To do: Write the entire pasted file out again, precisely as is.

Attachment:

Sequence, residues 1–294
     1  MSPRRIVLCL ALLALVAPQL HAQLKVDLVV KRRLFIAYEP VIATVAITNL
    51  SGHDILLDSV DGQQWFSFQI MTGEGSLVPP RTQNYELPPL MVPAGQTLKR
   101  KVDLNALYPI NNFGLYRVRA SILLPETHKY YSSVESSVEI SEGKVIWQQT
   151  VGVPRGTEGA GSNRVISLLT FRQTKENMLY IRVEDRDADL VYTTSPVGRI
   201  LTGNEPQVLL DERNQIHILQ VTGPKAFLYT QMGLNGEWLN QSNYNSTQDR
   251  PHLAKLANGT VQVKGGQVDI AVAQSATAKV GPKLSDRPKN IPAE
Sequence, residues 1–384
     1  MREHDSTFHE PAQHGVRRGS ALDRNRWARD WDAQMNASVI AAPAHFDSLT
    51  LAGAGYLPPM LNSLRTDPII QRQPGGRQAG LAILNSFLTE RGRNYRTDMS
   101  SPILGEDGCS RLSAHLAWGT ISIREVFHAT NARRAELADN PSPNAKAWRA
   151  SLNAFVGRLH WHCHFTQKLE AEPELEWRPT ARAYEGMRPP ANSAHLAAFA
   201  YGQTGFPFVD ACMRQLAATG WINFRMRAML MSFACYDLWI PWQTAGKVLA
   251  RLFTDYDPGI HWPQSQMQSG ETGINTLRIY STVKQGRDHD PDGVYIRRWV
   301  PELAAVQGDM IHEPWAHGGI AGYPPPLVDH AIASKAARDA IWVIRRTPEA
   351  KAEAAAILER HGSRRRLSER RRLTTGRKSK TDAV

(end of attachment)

Sequence, residues 1–294
     1  MSPRRIVLCL ALLALVAPQL HAQLKVDLVV KRRLFIAYEP VIATVAITNL
    51  SGHDILLDSV DGQQWFSFQI MTGEGSLVPP RTQNYELPPL MVPAGQTLKR
   101  KVDLNALYPI NNFGLYRVRA SILLPETHKY YSSVESSVEI SEGKVIWQQT
   151  VGVPRGTEGA GSNRVISLLT FRQTKENMLY IRVEDRDADL VYTTSPVGRI
   201  LTGNEPQVLL DERNQIHILQ VTGPKAFLYT QMGLNGEWLN QSNYNSTQDR
   251  PHLAKLANGT VQVKGGQVDI AVAQSATAKV GPKLSDRPKN IPAE
Sequence, residues 1–384
     1  MREHDSTFHE PAQHGVRRGS ALDRNRWARD WDAQMNASVI AAPAHFDSLT
    51  LAGAGYLPPM LNSLRTDPII QRQPGGRQAG LAILNSFLTE RGRNYRTDMS
   101  SPILGEDGCS RLSAHLAWGT ISIREVFHAT NARRAELADN PSPNAKAWRA
   151  SLNAFVGRLH WHCHFTQKLE AEPELEWRPT ARAYEGMRPP ANSAHLAAFA
   201  YGQTGFPFVD ACMRQLAATG WINFRMRAML MSFACYDLWI PWQTAGKVLA
   251  RLFTDYDPGI HWPQSQMQSG ETGINTLRIY STVKQGRDHD PDGVYIRRWV
   301  PELAAVQGDM IHEPWAHGGI AGYPPPLVDH AIASKAARDA IWVIRRTPEA
   351  KAEAAAILER HGSRRRLSER RRLTTGRKSK TDAV